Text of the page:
Do to others what you would have done to yourself – or you may find yourself in a terrible predicament.
Publisher: Phoenix (Orion Books)
First Published: 2005
Date Reviewed: 11th June 2010
If you wish to read this book you may have to search for it, for it appears to be out of print. Articles on Julith Jedamus are nowhere to be found.
A fallen princess comes into possession of the diary of the woman who slandered her name. She presents this diary, unedited, to the reader, whom she hopes will understand how awful this woman was. In 10th Century Japan two women sought to gain the heart of one man. The writer of the diary, our narrator and the one pushed aside, tells of her plight to get him back after he was sent into exile for damaging the emperor’s reputation and the virtue of the high princess. She spreads rumours to hurt her rival but comes to fall in love with another; however those old rumours are not easily shifted in a world where thousands can hear them.
It took this reviewer ages to get into the book. Up until half-way through it’s easy to get distracted from it, even if you’ve nothing to be distracted by because essentially you’re thrown into the middle-end of a story. It bypasses the tale of how things were, going straight into the time after the main event – the triangle between the man and the two women – has happened rather than telling you about it as it happened. All there is to read about, therefore, is the aftermath. How is one supposed to feel for a character they haven’t spent time with? An important factor in a book is being able to relate to the characters in some way, whether that’s with fondness, an understanding, or dislike. This fundamental concept has been left out by Jedamus to dire effect. We have a situation where the title of the book is perfect for it’s contents, but for all the wrong reasons.
The distance between reader and character is a pity because the writing errs on the side of beauty – with nothing to keep your interest you’re not going to recognize the poetry as many times as you should. However, this said, Jedamus has made too much of her favour towards metaphors anyway. I can’t be the only one coming up with images of a writer sat in silence, unmoving at her desk, desperately searching her mind for anything, anything, that she can turn into a metaphor. I put to you two quotations, the first an example of goodness, the second perhaps the biggest clanger of all:
My needle flashed back and forth through the blue silk, like a wasp darting amongst a bed of delphiniums.
His limbs as pale as peeled willow.
Where did Jedamus find the idea for the second one? She has written a sentence that will boggle most of her readers because let’s face it, how many people will have seen peeled willow? It’s a good metaphor for the time period perhaps but it’s too specific, niche, for us today.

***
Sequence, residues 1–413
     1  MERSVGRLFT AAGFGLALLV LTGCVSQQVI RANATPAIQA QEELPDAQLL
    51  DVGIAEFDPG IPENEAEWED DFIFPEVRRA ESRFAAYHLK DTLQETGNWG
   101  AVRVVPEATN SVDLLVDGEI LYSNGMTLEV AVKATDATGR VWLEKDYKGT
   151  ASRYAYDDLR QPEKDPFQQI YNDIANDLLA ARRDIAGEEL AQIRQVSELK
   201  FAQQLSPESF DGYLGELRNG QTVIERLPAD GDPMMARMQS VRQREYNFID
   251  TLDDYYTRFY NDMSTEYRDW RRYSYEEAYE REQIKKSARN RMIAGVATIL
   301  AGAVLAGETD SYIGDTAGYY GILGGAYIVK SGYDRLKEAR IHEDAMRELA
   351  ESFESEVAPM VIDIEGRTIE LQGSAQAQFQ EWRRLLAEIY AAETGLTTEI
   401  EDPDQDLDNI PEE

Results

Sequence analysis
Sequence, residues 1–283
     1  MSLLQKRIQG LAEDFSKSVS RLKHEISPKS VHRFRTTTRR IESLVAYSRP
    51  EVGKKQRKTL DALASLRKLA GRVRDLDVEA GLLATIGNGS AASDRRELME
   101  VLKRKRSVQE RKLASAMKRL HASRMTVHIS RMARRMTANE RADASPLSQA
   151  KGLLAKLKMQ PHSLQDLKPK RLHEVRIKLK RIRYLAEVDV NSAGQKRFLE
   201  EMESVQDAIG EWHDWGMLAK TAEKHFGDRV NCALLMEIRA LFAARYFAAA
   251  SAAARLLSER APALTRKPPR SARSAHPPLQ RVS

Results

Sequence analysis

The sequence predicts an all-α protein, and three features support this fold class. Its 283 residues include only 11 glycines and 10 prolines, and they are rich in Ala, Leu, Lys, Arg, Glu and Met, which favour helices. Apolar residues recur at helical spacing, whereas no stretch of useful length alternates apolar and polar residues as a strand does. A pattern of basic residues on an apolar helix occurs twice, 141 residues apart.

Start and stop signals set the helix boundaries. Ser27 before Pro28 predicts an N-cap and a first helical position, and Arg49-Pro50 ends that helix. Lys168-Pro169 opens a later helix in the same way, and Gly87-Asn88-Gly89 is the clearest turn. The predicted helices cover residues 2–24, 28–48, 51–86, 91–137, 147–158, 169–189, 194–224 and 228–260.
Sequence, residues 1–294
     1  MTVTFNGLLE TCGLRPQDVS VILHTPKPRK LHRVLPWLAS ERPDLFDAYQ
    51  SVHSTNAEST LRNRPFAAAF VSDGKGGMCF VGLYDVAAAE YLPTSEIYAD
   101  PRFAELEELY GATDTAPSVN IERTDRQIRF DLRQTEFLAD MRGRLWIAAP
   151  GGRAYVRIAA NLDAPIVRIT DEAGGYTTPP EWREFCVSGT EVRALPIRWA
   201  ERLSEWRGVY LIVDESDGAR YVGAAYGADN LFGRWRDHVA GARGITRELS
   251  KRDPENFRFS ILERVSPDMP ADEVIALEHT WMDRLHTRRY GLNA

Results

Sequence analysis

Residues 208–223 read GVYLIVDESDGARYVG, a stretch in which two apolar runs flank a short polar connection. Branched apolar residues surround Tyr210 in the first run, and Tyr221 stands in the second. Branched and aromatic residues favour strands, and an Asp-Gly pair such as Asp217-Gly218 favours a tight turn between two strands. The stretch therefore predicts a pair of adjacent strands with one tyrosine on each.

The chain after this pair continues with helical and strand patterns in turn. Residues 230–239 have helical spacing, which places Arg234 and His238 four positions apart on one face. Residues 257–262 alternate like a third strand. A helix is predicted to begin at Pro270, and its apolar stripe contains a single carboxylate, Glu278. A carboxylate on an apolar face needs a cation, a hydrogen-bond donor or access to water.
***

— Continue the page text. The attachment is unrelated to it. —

Going back to the plot of the story and the content that should not have been missed, the reader is thrown straight into the “action” without sufficient background knowledge. “Action” is put in quotations because in actual fact there is no action, not of the generally presumed kind (although if by “action” you read “sex”, well yes there is a bit of that). Most of the story is taken up by the spreading of rumours, rumours that you couldn’t care less about because, as said, there’s no reason to feel anything for the characters. You may feel a little dislike for the narrator but while that may have been the aim of the fallen princess who presented the work, it doesn’t seem to be Jedamus’s aim. Certainly she wants us to look at both sides and see the cruelty produced by these sides, but she seems to want us to be forgiving too.
The plot eases up where there is dialogue as it gives you something current to focus on. The scenes between the narrator and her new lover are especially easy to read simply because this man is a new acquaintance of hers and thus their story is brand new, the one thing the reader is given that started in the book itself. Finally, as the lover gains overall importance and the narrator begins to forget her malicious ways the plot turns into something you look forward to reading. The narrator seeks redemption, and even if it’s too late there are from then on reasons to become emotionally involved.
The romantic scenes are in the main short and passionate, without being graphic. Sex is mostly simply alluded to (though there are a few descriptions) and more emphasis is placed on feelings and emotions.
The ending is interesting: the princess, in a postscript that suggests what happened afterwards, concludes it, but not fully – there is room for your own conclusion. Whether the end is satisfactory you’ll also have to decide for yourself.
Quite honestly it’s not difficult to see why this book is out of print. There is not enough explanation of culture and too many heavy references. Jedamus would make a stunning poet, non-fiction author, and even commentator, but as a novelist her future is unlikely to get any better. This is the story of a woman cast into hell by a man who soiled the reputation of many women; a woman so hurt she saw it necessary to drag others along with her. It has a good message but takes far too long to find it.